From solidarity donation to investment in social enterprises: impact investing projects

From solidarity donation to investment in social enterprises: impact investing projects

In order to further qualify our social investments, in 2015 we established a partnership with Opes Foundation, a qualified fund for investments in high social impact entrepreneurial projects. We thus acquired the role of provider of philanthropic capital to invest through Opes in economically viable businesses able to promote social progress and emancipation from poverty. Opes is the first Italian Social Venture Capital able to fund social enterprises operating in critical development areas: health, access to water and basic sanitation, energy, education, and food sovereignty. Its mission is to support social enterprises and enlightened entrepreneurs who propose innovative and durable solutions to meet the most persistent needs of the population at the foot of the social ladder. Opes targets existing social enterprises located in East Africa (Kenya, Uganda, Tanzania) and India when they are at an early stage of development, trying to validate their business model. Opes channels philanthropic capital, in form of investments, to pursue social impact and financial returns. All funds returning to Opes are reinvested in new social enterprises.


Date of investment: June 2016
Amount of investment: $100,000 (40,000 Euro disbursed by SEA)
KadAfrica is a company founded in 2011 based in Fort Portal (Uganda) that produces and markets passion fruit.

At the initial stage, the supply of products was ensured solely by a network of hundreds of local growers (marginalized girls with histories of abuse and deprivation) that KadAfrica supported and continues to support with a programme of agronomic training and induction to entrepreneurship. In 2016, KadAfrica reformulated its business model. In addition to the network of growers (OSGs), it aimed to include local farmers (OGs), as well as the production and sale of seeds and the direct management of agricultural land. To date it deals only with fresh product, but for the future, when it becomes fully operational, it plans to expand its activities by building a processing plant so that it can also produce fruit pulp, much in demand by the beverage industry.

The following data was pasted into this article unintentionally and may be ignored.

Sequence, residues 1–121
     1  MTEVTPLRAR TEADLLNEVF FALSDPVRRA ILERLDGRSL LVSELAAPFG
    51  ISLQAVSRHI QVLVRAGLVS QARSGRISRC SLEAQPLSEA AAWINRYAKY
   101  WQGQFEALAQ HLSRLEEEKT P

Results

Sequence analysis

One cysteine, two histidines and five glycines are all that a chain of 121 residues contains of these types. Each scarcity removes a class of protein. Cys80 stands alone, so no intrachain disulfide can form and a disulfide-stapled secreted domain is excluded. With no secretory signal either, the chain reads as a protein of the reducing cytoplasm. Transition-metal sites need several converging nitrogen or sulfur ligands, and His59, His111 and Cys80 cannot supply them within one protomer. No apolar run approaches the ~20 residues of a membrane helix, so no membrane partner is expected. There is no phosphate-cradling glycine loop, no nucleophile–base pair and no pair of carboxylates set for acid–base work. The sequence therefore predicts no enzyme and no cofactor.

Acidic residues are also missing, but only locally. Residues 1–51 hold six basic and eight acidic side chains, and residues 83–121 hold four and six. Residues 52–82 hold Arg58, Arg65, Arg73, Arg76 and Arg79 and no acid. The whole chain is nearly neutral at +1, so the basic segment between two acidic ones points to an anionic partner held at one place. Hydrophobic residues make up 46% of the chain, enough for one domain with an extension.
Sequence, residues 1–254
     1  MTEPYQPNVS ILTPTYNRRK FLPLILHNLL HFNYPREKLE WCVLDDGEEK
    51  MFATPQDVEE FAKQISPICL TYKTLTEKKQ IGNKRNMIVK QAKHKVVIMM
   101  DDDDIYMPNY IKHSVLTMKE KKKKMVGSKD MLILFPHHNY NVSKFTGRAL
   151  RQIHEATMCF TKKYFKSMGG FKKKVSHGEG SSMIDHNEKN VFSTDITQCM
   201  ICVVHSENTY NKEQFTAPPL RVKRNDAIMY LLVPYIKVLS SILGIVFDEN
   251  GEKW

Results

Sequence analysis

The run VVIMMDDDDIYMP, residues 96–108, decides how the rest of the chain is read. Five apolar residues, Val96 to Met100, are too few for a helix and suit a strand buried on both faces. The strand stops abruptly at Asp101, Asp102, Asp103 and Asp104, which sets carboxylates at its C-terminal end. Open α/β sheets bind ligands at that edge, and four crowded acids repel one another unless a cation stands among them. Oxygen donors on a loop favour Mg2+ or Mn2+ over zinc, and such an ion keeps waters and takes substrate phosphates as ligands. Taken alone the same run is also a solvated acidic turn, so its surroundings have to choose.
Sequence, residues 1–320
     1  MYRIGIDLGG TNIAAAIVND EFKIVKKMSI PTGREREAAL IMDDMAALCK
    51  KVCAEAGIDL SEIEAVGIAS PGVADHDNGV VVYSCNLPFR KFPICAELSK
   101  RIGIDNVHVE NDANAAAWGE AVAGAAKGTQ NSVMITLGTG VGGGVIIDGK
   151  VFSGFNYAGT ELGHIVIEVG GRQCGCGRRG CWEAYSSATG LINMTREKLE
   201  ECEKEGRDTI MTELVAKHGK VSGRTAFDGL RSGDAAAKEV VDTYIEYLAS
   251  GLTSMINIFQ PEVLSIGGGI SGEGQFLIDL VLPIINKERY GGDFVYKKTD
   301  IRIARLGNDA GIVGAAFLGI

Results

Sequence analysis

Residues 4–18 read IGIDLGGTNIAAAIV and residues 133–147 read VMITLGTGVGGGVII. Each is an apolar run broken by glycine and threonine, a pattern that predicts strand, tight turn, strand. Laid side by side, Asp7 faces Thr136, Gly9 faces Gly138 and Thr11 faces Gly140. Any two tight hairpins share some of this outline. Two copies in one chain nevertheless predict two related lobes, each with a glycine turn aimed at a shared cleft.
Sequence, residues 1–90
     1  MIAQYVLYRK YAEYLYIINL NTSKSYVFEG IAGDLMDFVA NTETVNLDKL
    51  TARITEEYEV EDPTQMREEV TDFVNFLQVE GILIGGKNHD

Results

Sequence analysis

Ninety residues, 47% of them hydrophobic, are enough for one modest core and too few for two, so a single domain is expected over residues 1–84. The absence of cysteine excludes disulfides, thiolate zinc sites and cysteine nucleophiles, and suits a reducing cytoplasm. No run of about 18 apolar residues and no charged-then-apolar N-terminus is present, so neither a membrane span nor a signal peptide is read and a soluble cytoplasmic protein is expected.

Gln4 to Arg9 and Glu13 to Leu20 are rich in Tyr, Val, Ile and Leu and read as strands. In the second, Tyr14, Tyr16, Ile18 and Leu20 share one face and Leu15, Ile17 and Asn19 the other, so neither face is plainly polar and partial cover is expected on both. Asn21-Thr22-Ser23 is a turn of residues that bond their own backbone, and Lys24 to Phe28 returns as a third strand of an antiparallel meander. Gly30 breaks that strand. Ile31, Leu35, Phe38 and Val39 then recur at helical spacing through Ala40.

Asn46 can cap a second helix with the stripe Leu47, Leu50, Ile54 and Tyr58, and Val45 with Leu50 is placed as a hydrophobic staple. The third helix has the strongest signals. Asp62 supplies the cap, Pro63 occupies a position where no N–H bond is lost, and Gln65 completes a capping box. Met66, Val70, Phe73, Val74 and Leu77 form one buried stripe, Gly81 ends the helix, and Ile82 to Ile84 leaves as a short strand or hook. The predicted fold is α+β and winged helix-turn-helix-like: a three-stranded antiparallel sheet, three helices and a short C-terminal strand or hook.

Managing the girls' training programme directly (previously it was run in partnership with the local Caritas) has led to delays in meeting the objectives. This has greatly diluted the implementation times of the other planned activities (local farmers' programme, seed production and sale, starting cultivation on the owned land) that were to be launched at the same time to diversify revenue.

"The Water Shop Naivasha" project

Date of investment: June 2016
Amount of investment: $160,000 (40,000 Euro provided by SEA)
The Water Shop Naivasha is a social enterprise that operates under the "PureFresh" brand, based in Kenya, in Naivasha (80,000 inhabitants, 90 km north-west of Nairobi). Active since 2010, PureFresh deals in extracting, purifying and marketing drinking water (both bulk and bottled).Water scarcity and quality are critical issues for the country. In Kenya, about 17 million people (43% of the population) do not have access to safe drinking water.

Most low-income families can only access contaminated water, with very serious health consequences.
The Water Shop company draws water from a well, purifies it in a plant using reverse osmosis, and distributes it through a network of four stores located in different areas of the city. PureFresh started its activities by opening two shops in Naivasha, then another two over the years. In 2015, the company started testing a new expansion model by installing five automatic drinking water dispensers placed in other existing stores, to increase volumes, reduce operating costs, and apply prices that could make its product more accessible to low-income customers.
In 2016, a further investment was made by Opes with SEA and two other American investors to scale up the pilot: from five distributors to twenty in the cities of Naivasha and Nakuru. The business model has been modified, favouring the franchise model, which has proved to be more effective in reaching more people and lowering the price of water.

No. of families served per week